This is my August contribution to the NWTC newsletter, What’s Cooking?
To complement the post, I ran around my yard and shot some photos and video and put them together in a montage.
For food, for exercise, to add beauty, to learn, to make money, to meet people, to be creative, to win gardening contests, for emotional needs and a spiritual connection, for lasting memories; at least, those are the top ten reasons listed by the National Garden Bureau at ngb.org. No mention was made of the reason because I have to or else the hill on which my house stands will wash away with the rain if I uproot the wild grape vines, milkweed, and other invasive species spinning a cocoon of weeds around my house, as though spun by evil caterpillars that drink Round Up for breakfast, lunch and dinner.
It may be that my initial impetus for gardening was something less honorable then the NGB’s top ten. It may be that my initial efforts were driven more by my wife’s joy of gardening than my own. It may be that my early labors at gardening were the product of a thoughtless physical reaction to a wife, who, like a female Ben Hur, drove me mercilessly to pull the chariot that was our garden—not with a whip made of leather, but with hurled implements; rakes, spades, hoes, pick-axes, trowels; driving me harder, further, deeper into the ground until I’d rear up at end of day lathered in a thick foam of muddy sweat like Sea biscuit after the Preakness. “Is that all, honey?” I’d whimper, “Can I be done now, puh-leeze?”
However, that is the case no longer. I now garden for some of my own reasons. My son gardens for food, beauty, creativity, and to learn. My daughter gardens for food, beauty, and spirituality. Anyone who has any plant, indoors or out, requiring attention, is a gardener for some reason. I grew up in a family of gardeners, spending summers at my grandparents where the only grass existing was on the boulevard where my grandpa would put the garbage cans on Sunday nights, and which he would mow with a rotary push mower, the revolving horizontal blades whirring, throwing a gentle arc of fresh clippings behind it, covering his black oxfords with a damp green hair. The land behind the seventy-five feet of sidewalk, too precious for grass, was managed for peak vegetable production, and an apple tree—for food.
I couldn’t understand why my grandparents and my uncle Don would spend every waking moment in the garden, digging, pulling, planting, harvesting, watering. To what end, I wondered–isn’t that what grocery stores were for? For what reason would one spend all day under a hot sun, toiling, when one could be fishing or playing kick ball; and later, as an adult, when one could be reading a book in the shade under a tree or bike riding down a quiet country road.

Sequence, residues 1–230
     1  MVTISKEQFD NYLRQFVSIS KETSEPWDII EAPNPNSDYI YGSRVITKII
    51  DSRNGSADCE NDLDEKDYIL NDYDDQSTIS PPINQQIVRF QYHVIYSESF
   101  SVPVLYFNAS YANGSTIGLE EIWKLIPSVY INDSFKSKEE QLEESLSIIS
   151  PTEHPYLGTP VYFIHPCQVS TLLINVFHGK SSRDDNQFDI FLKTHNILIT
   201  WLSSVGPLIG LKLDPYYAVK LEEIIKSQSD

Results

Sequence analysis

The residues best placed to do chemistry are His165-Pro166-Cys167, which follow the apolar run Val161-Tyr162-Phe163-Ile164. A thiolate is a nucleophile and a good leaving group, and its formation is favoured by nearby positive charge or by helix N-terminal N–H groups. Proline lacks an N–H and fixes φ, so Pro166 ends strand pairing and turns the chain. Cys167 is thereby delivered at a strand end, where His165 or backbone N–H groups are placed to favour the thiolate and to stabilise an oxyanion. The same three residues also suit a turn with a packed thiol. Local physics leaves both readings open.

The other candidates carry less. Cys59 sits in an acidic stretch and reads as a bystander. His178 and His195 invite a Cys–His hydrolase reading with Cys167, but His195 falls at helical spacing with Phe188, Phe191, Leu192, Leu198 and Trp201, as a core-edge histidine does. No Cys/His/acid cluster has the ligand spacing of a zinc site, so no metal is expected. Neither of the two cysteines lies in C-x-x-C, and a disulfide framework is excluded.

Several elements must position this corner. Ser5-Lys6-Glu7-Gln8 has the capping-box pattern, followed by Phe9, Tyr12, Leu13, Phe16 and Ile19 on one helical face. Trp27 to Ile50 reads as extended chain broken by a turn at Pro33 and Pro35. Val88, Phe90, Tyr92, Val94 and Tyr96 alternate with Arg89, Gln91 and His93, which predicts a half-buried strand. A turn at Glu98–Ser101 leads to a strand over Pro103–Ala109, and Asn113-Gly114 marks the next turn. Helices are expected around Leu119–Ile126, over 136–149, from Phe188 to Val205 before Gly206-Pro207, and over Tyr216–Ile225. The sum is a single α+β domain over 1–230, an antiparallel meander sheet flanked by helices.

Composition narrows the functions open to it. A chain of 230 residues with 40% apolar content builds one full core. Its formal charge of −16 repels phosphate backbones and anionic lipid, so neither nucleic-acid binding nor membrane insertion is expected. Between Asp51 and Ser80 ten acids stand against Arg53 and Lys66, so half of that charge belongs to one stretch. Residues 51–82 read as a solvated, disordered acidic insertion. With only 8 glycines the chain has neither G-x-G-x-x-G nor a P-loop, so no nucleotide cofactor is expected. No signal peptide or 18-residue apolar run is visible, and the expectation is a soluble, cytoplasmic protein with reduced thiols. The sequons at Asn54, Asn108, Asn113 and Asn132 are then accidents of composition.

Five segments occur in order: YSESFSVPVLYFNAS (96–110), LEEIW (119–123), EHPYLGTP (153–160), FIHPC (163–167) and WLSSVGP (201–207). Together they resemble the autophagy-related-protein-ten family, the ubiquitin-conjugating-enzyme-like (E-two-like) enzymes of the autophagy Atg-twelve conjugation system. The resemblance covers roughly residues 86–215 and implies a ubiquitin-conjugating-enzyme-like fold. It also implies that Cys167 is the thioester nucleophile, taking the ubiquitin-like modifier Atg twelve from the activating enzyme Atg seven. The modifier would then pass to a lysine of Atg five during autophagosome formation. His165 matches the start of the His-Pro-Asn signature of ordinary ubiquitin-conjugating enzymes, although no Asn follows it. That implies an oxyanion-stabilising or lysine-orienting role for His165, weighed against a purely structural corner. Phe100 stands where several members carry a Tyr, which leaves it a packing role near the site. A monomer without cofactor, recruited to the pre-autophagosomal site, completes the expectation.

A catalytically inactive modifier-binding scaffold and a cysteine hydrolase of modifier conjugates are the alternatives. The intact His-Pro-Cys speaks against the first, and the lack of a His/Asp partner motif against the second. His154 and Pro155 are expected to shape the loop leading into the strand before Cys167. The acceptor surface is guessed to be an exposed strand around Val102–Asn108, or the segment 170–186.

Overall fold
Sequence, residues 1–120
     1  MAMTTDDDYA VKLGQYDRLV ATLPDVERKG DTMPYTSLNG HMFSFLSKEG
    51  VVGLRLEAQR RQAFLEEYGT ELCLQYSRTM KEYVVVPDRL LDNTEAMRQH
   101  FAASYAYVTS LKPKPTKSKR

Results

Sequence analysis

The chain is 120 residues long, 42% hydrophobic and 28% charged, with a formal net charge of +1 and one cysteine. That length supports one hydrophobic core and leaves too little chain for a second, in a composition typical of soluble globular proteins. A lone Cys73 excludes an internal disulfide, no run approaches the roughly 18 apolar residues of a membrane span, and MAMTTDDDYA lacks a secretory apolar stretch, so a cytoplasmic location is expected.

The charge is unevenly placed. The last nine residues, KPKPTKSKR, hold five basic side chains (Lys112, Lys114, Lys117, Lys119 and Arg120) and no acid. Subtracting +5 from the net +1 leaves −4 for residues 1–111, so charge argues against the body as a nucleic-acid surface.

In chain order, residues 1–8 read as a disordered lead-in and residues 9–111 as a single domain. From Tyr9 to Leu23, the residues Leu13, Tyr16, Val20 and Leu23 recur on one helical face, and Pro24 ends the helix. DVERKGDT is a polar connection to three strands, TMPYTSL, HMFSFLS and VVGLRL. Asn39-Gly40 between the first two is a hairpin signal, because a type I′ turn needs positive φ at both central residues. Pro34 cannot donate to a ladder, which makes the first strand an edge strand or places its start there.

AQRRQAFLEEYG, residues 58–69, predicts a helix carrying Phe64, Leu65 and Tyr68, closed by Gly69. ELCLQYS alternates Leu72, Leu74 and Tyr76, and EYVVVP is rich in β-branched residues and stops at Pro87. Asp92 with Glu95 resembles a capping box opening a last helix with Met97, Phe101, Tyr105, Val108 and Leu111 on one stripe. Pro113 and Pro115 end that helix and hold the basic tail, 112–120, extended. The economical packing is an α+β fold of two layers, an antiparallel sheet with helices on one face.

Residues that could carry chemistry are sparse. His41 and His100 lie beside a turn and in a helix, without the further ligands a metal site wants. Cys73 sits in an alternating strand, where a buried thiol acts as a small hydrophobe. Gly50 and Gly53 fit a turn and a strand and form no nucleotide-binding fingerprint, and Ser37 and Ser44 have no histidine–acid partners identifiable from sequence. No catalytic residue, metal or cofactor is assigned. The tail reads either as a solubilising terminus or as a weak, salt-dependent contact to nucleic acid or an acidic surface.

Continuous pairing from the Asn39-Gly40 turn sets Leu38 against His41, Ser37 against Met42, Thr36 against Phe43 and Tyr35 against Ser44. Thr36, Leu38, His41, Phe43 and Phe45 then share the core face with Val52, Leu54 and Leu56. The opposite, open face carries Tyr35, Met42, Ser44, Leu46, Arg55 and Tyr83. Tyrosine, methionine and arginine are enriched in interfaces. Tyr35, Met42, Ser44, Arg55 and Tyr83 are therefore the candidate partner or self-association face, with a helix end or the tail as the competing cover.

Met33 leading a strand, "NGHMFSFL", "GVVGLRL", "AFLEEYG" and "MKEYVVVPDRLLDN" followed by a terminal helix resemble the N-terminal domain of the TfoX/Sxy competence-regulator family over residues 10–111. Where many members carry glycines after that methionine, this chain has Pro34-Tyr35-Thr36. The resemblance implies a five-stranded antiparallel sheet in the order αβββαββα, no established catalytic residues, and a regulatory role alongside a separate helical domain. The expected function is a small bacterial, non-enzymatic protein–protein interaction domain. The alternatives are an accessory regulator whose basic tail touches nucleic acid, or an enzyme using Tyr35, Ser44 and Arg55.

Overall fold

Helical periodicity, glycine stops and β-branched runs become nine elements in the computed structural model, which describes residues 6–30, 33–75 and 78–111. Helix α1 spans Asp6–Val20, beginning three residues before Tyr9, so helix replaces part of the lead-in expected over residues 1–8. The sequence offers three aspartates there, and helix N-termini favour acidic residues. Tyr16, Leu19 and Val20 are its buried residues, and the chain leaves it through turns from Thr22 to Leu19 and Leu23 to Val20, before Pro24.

From what I could tell, Uncle Leo, a retired pharmacist, had it figured out. If he was outside, it was usually in a chair, with a magazine, the radio, sunflower seeds, and a can of Budweiser making a wet ring on the pavement next to him. The only thing I remembered enjoying about gardening those many years ago was digging for potatoes, possibly a genetic sequence from an Irish heritage; nonetheless, a penchant for digging that persists to modern day such that if I have to plant something, I’d just as soon as it be big so I’d have to dig a bigger hole. Despite this curious fondness of digging, I’ve regarded gardening for most of my life as an odious labor best avoided, I think, because of the time spent during my formative years, surrounded by gardens whose sole inanimate task seemed to be in keeping my uncles from taking me fishing.
I ask again…Why garden?
Because it brings me joy. Because I can create a special place, a sanctuary, where I might rest at close of day, surrounded by colors and beauty that wouldn’t be otherwise but for my attention (and my wife’s). And for every one of the top ten reasons, except, of course, for “to make money,” and “to win contests” which is decidedly not the case—more aptly I’d say would be, “to spend money,” and “honorable mention for ‘most improved’ (in my own mind).”
Gardening does not have to be restricted to landowners solely. Many communities have a “Community Garden” where small plots of land can be cultivated by community members. Door County’s newest garden, The Community’s Garden, is coming to fruition at The Garden on 16th Place, between Michigan Street & Rhode Island. So, there is no excuse, should there exist a desire.
To garden or not to garden, that is the question before you. I choose to garden.